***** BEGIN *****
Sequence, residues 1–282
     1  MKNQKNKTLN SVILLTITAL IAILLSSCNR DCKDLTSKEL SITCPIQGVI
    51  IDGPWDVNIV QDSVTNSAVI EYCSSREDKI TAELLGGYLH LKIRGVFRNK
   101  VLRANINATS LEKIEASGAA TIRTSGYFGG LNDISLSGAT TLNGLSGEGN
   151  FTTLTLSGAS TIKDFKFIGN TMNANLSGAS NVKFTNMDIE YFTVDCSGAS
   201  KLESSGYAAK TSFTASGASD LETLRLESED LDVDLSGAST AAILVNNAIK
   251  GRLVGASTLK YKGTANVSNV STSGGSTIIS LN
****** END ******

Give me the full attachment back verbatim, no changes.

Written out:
Sequence, residues 1–282
     1  MKNQKNKTLN SVILLTITAL IAILLSSCNR DCKDLTSKEL SITCPIQGVI
    51  IDGPWDVNIV QDSVTNSAVI EYCSSREDKI TAELLGGYLH LKIRGVFRNK
   101  VLRANINATS LEKIEASGAA TIRTSGYFGG LNDISLSGAT TLNGLSGEGN
   151  FTTLTLSGAS TIKDFKFIGN TMNANLSGAS NVKFTNMDIE YFTVDCSGAS
   201  KLESSGYAAK TSFTASGASD LETLRLESED LDVDLSGAST AAILVNNAIK
   251  GRLVGASTLK YKGTANVSNV STSGGSTIIS LN